The Summer School also aims to showcase course options for possible degree and exchange students. This year, the most popular course was the Finnish Survival Course, a short course on the Finnish language organised by the University’s Language Centre. The course has also been among the students’ favourites at the previous Summer Schools. Online publishing, human technology interaction and programming were the most popular courses among the University’s own degree students. Other language courses, such as the course on World Englishes, English as a Global Language, were also popular.

“I liked the course very much because the English language and its past and present interest me. I had also planned to take part in the Finnish Survival Course, but it overlapped with the English course,” Mwalulesa says.

The course on the Nordic welfare model especially intrigued exchange students, for example Alessio Moro from Italy. Alessio also studied at the very first Tampere Summer School in 2015, and he is currently a degree student studying social sciences at the University of Tampere. It was the Summer School that first sparked his interest in the University of Tampere.

“I chose Finland as my destination at random but, luckily, I took part in the Summer School in 2015 when I was here for Erasmus exchange studies. The course got me interested in social sciences and studying in Finland. This year, I will participate in two courses to expand my general knowledge on topics I might study later. The Summer School offers a good opportunity to do that,” Moro says.

Tuition fees are not a problem

Like the other universities in Finland, the University of Tampere started to charge tuition fees to students coming from outside the EU and EEA, but the fees do not have an effect on how the Summer School is planned and organised.

“I do not see a clear connection between the fees and the Summer School. The number of applicants was roughly the same as previously, and usually it is the number and the topics of the courses that have more of an effect on the applicants,” Autio says.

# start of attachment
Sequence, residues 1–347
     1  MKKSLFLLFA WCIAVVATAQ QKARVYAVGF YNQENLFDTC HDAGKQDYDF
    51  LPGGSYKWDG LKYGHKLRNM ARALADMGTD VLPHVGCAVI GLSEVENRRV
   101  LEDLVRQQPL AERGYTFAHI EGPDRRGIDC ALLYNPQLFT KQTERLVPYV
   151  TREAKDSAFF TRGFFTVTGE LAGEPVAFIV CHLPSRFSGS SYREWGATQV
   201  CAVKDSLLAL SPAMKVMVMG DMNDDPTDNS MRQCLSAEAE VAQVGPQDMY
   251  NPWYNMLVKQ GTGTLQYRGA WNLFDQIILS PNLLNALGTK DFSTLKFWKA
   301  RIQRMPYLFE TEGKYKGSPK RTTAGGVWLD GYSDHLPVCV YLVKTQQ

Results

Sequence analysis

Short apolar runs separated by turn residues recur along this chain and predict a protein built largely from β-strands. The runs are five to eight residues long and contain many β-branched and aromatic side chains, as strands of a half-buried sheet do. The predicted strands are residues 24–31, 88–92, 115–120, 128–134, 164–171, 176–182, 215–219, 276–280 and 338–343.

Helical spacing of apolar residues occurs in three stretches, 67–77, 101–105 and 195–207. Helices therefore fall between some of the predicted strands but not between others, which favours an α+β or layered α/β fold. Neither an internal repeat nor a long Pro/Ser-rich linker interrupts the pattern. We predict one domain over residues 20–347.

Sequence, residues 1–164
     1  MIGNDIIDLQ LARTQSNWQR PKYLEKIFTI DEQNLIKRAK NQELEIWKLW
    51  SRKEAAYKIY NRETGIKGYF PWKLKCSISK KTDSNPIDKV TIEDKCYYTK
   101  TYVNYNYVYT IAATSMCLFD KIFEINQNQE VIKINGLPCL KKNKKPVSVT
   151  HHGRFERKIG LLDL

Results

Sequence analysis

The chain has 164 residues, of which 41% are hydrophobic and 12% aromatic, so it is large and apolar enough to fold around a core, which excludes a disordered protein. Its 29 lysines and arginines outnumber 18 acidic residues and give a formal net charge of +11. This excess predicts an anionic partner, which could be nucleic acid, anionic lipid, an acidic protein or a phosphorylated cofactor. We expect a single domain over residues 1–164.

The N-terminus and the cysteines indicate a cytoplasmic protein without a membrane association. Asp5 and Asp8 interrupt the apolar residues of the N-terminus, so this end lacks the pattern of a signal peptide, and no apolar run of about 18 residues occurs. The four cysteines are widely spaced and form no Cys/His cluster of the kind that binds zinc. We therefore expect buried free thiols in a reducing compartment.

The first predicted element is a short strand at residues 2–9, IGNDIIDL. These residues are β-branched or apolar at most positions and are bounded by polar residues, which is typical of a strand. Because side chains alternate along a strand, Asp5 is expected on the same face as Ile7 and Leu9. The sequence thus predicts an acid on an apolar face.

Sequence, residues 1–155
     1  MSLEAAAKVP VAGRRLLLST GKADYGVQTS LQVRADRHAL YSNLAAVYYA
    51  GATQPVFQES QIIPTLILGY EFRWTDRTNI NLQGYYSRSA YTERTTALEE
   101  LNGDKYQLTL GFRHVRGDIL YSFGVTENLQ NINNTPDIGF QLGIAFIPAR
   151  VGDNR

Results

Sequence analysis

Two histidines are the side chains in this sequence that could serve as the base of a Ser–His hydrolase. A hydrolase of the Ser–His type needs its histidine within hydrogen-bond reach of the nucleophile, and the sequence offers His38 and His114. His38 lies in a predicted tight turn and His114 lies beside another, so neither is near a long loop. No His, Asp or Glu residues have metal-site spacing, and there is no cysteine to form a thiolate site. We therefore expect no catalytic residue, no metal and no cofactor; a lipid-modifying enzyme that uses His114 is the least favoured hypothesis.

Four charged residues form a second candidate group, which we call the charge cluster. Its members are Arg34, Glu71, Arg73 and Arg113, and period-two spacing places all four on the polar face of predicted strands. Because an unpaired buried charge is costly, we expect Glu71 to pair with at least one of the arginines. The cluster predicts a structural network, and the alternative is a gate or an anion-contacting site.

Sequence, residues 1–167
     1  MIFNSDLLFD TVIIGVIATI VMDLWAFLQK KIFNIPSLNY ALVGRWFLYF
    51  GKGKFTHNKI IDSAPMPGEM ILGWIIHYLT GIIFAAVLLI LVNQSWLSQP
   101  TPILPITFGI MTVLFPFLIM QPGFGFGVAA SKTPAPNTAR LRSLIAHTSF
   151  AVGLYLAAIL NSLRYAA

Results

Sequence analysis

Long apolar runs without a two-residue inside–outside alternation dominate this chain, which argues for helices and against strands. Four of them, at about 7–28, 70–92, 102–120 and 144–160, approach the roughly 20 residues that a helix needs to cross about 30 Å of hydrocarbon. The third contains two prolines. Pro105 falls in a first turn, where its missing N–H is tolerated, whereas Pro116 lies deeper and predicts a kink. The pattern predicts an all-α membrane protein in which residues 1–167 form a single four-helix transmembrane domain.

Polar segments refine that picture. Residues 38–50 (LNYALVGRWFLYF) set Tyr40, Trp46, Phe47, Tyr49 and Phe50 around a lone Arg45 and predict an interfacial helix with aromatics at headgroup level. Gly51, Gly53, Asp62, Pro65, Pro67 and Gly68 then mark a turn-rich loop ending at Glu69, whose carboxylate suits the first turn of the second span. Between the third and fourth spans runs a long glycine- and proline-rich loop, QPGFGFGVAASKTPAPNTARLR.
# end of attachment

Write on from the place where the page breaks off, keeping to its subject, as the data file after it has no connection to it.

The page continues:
The Summer School has been successful in attracting applications and participants from among the University of Tampere’s degree and exchange students, as well as growing numbers of students who come from outside the University.

“One of the signs that the Summer School has successfully reached its goals is how students at the University of Hong Kong have found the Tampere Summer School and participated in it. In 2016, we had 17 students from Hong Kong, but this year their number grew to 28, and we could not even admit all the applicants. They all pay tuition fees and even their coordinator contacted us beforehand,” Autio enthuses.

Mwalulesa did not already know if he had been accepted as an exchange student at the University of Tampere when he enrolled at the Summer School. What interested Mwalulesa the most about Finland was its exceptional weather and teaching methods.

“I chose Finland as an exchange destination because I had heard it gets really cold here. I have only seen snow on television and I have never been to a place where the temperature falls below zero. I also wanted to see how people study in Finland. I am interested to see what kind of teaching methods are used and how the students and teachers interact. I already got a bit of experience about that at the Summer School,” he explains.

Text and photographs: Anna Ojalahti